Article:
The ability to block out irrelevant information when asked to recognize and name objects, known as inhibitory processing, remains intact in patients with Parkinson’s disease, a study has found.
The study, “The Suppression of Irrelevant Semantic Representations in Parkinson’s Disease,” was published in the journal Frontiers in Human Neuroscience.
Previous studies have shown that Parkinson’s disease might affect inhibitory processing in the brain. However, this is still a debatable subject in the scientific community, since the severity and type of impairments are highly varied among patients and studies.
“The lack of agreement concerning inhibitory processing in PD [Parkinson’s disease] is readily manifest in the literature concerning … the variety of lexical-semantic tasks including verbal fluency, semantic priming [saying words related to the prime word given, for example, wolf in reply to dog], and confrontation naming [naming a picture],” the researchers wrote in the study.
To study this, these researchers from the University of Queensland in Australia set out to investigate whether patients with Parkinson’s disease were able to block out inappropriate or irrelevant information when naming a picture.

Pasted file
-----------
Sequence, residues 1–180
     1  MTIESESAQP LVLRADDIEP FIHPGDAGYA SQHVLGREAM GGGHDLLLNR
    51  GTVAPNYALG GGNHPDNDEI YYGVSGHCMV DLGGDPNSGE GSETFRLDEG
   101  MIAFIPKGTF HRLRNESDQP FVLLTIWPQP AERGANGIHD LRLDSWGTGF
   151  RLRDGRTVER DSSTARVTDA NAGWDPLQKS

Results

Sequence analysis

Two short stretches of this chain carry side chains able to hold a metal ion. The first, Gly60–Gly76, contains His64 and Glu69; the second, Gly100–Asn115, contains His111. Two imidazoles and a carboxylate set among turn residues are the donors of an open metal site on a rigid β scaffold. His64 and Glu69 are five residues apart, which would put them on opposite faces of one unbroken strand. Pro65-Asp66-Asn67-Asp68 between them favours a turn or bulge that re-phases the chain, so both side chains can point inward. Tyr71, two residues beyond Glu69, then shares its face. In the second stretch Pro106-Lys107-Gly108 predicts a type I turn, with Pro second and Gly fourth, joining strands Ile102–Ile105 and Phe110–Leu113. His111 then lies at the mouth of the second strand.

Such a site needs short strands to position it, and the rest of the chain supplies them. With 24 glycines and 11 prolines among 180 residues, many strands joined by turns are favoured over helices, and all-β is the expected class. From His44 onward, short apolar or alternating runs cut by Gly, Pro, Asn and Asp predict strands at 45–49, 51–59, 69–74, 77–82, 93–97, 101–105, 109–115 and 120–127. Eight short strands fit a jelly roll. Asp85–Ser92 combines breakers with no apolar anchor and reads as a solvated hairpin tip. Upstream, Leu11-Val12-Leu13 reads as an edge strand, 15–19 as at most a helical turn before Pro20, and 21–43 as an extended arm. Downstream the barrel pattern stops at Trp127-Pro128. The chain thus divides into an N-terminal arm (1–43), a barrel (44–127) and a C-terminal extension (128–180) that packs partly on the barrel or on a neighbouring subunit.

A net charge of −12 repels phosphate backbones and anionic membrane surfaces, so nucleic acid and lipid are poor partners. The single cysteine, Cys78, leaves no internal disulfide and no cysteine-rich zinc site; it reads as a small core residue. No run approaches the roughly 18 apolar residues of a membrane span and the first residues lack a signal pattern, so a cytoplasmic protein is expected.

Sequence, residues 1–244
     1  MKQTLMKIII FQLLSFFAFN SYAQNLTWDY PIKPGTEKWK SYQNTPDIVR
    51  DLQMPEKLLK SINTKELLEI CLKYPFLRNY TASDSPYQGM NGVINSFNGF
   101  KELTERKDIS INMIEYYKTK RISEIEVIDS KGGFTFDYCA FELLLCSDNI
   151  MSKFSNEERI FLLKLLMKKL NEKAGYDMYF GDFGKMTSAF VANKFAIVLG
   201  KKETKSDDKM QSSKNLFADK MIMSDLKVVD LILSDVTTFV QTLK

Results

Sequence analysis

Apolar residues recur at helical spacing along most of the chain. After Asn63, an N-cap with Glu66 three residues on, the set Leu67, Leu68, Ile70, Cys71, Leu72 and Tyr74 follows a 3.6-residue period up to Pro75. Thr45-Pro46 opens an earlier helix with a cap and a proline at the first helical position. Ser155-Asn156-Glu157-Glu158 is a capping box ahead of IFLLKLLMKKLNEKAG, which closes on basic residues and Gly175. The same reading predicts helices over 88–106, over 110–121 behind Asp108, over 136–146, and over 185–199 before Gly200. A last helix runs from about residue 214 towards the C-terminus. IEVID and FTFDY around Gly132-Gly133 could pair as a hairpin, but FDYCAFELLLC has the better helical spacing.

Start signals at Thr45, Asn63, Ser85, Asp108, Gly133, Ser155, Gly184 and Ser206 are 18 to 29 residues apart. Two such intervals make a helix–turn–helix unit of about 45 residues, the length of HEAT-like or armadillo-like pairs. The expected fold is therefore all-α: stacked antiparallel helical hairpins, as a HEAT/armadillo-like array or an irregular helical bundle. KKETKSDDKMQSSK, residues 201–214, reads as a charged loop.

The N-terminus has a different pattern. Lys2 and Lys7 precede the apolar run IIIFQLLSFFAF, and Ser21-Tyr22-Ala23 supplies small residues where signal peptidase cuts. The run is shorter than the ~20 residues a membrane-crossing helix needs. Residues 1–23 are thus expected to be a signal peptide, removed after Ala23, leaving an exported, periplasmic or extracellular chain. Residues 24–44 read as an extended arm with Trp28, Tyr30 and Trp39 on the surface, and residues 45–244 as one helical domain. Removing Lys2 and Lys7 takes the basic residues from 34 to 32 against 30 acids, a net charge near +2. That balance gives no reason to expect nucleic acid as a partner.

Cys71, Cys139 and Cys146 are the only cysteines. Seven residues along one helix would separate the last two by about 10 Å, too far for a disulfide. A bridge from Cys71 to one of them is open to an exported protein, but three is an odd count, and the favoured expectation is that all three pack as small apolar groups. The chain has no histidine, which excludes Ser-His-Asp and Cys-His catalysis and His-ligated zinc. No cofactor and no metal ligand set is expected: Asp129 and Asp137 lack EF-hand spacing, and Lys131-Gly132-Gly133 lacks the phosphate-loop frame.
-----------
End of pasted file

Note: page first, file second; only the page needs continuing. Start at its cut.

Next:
They used an object-based priming technique, in which participants were asked to name a red image and ignore a green image in a set of 144 superimposed images. The 144 images were then divided into three categories — identical, related and unrelated — containing 24 image pairs of primes (visual stimulus) and probes (patients’ choice).
“The green distractor image in the prime stimulus was identical to the red image in the subsequent probe stimulus in the identical condition [e.g. both representing a dog], semantically related to the red probe image in the related condition [e.g. both representing objects], or semantically unrelated in the unrelated condition [e.g. the green prime image showing an animal and the red probe image showing an object],” the researchers said.
The study enrolled 16 patients with Parkinson’s disease and 13 age-, sex- and education-matched healthy individuals used as controls.
Interestingly, both Parkinson’s patients and healthy controls took longer to name target images that were identical to the prime distractor image than they took to name target pictures that were unrelated to the distractor image. “This result suggests the presence of a negative priming effect across both groups,” the researchers wrote.
No significant differences in naming response time were found between related and unrelated image pairs in both groups. Likewise, no differences were observed in the magnitude of this negative priming effect in the two groups.
“The PD group performed similarly to controls across all conditions in terms of naming latency, demonstrating that the retrieval of an object’s name was slowed when that same item had previously been ignored,” the researchers wrote.
“These results suggest that inhibitory mechanisms related to the processing of visual-semantic stimuli may be largely intact in PD. Further investigation using paradigms that strictly control for the influence of lexical-semantic input and output is required in order to elucidate the integrity of such mechanisms,” they concluded.